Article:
I arrived in Madison today for the Wisconsin Contracts Conference, which started this afternoon and continues tomorrow. As my flight flew over the isthmus, I looked down on the city and spotted the familiar landmarks. Despite the cold and the snow, this has been a wonderful homecoming, catching up with my former colleagues.
The conference launched with a presentation by Beth Mertz on her book, The Language of Law School, which is based on a study of eight first-year Contracts courses. Beth is a linguist, and she examines the ways in which people are translated into legal roles and their actions are translated into legal categories in the law school classroom. Beth describes the effect of this translation as follows:
The legal language taught in the United States ... has a double edge. On the one hand, the approach to legal reading found in law school classrooms offers students a potentially liberating opportunity to step into an impersonal, abstract, and objective approach to human conflict. On the other hand, erasing (or marginalizing) many of the concrete social and contextual features of these conflicts can direct attention away from grounded moral understandings, which some critics believe are crucial to achieving justice. Moreover, this step out of social context and emotion provides the law with a cloak of apparent neutrality, which can conceal the ways that law participates in and supports unjust aspects of capitalist societies. This approach also gives the appearance of dealing with concrete and specific aspects of each conflict, thereby hiding the ways that legal approaches exclude from systematic consideration the very details and contexts that many would deem important for making just moral assessments.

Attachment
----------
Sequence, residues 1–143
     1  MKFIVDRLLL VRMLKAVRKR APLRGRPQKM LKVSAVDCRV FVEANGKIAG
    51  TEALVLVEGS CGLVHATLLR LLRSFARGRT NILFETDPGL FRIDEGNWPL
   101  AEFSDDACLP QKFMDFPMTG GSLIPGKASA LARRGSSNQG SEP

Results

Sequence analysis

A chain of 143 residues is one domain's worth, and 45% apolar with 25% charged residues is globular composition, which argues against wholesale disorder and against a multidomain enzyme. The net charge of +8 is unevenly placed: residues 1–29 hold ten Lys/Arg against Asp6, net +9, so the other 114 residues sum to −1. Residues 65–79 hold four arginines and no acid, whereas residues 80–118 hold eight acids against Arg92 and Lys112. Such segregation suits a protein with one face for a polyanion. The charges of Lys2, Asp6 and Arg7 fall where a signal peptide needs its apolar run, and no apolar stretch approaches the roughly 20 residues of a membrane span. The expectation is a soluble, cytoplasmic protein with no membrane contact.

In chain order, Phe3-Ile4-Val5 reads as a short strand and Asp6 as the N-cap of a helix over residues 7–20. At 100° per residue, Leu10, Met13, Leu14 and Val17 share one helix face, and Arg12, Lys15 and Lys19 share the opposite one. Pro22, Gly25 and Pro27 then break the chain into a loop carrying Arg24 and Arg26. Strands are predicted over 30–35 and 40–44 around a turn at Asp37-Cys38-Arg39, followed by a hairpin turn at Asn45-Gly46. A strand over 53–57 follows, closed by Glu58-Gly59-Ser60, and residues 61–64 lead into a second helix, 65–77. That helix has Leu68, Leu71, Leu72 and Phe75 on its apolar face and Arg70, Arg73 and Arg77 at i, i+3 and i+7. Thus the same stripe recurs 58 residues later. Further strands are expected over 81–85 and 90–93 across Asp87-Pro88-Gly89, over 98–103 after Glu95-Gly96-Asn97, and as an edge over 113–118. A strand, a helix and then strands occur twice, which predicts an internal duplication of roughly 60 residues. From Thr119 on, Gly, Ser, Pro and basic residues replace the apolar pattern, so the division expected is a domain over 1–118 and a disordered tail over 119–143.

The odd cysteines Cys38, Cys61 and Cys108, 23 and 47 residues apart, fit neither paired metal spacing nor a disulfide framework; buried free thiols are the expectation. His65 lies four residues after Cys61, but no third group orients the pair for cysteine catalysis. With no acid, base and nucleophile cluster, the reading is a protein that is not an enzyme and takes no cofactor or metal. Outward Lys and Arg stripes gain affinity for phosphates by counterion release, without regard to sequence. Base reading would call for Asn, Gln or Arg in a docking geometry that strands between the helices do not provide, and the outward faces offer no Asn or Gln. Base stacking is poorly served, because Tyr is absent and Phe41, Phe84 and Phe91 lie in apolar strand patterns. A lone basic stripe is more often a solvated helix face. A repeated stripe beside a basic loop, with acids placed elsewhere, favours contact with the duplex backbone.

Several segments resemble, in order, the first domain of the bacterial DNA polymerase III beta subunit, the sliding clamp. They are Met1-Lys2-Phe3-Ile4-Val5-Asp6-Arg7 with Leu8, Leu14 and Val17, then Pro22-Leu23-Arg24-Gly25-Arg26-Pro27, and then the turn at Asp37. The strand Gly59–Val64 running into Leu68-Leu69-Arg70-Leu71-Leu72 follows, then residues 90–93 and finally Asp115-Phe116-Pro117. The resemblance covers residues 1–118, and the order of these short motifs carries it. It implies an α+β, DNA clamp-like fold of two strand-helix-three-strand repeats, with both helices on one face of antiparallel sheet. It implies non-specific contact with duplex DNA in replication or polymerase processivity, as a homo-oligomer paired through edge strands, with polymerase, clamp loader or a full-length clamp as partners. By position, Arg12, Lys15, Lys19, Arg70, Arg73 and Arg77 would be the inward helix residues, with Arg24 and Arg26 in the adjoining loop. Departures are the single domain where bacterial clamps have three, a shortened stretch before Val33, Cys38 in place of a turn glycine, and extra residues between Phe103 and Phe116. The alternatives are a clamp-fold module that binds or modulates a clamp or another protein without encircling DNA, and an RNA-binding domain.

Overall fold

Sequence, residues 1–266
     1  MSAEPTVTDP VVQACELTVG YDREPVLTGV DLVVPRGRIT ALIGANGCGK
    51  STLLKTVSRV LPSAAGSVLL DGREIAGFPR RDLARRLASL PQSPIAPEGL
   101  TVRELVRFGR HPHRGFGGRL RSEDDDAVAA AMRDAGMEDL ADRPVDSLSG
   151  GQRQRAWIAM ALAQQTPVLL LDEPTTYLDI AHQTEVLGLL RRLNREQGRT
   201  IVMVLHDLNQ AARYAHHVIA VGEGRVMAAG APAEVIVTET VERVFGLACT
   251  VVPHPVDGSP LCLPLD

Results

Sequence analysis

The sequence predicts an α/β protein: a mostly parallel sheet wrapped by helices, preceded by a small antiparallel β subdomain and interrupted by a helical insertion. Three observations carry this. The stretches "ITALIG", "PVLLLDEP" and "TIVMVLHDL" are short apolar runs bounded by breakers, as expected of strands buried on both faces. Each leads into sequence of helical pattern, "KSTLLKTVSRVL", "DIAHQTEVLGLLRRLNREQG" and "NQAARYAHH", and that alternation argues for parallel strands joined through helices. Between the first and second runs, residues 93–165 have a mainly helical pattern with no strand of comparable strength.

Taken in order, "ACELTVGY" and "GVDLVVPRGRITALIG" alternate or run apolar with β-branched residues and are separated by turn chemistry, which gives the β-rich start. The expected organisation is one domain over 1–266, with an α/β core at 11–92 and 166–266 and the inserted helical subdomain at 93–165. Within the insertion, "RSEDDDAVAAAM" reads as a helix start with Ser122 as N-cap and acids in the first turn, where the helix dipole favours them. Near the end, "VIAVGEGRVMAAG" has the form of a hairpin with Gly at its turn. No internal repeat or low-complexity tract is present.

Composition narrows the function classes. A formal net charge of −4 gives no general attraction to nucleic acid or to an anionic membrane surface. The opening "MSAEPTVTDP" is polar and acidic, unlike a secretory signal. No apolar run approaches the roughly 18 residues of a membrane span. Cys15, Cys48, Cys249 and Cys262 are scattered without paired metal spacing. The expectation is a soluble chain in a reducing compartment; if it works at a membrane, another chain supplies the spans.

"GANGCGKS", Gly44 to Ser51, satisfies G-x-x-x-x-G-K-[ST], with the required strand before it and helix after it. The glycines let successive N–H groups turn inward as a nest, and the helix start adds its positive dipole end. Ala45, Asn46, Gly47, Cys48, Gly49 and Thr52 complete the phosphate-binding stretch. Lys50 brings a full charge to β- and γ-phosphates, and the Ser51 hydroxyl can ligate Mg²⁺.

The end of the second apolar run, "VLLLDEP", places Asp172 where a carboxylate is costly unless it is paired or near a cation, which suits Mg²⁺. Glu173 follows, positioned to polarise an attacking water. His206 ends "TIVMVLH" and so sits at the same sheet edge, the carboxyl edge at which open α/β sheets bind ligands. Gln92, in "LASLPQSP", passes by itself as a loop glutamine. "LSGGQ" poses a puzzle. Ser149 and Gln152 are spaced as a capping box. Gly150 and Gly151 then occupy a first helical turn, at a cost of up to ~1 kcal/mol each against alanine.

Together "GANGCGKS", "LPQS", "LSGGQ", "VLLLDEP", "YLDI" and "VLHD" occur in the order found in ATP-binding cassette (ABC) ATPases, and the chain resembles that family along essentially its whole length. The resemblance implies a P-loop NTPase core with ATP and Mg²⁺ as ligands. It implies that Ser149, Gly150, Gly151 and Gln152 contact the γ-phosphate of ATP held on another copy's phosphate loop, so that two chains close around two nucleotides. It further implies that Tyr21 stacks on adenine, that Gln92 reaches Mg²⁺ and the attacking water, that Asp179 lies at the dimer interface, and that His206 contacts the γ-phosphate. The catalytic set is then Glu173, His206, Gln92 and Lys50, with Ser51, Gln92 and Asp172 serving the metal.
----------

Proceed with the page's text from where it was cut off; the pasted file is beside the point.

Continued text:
The Wisconsin contracts materials are designed to provide some of that additional context, which is why the book is noticeably heavy on facts. As John Kidwell noted in his opening remarks to the conference, "facts matter." But which facts -- out of all those available -- are worthy of attention?
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1. Posted by Jake on February 17, 2008 @ 21:34 | Permalink
"[W]hich facts -- out of all those available -- are worthy of attention?"
Is this not the question that law school is supposed to help its students answer? Or at least enable them to argue effectively which facts are important?
2. Posted by Gordon Smith on February 18, 2008 @ 19:47 | Permalink
The short answer is yes, and law schools do this very well. The question was provoked by debates among legal scholars about the appropriate scope of legal inquiry. Beth's book is largely about this question.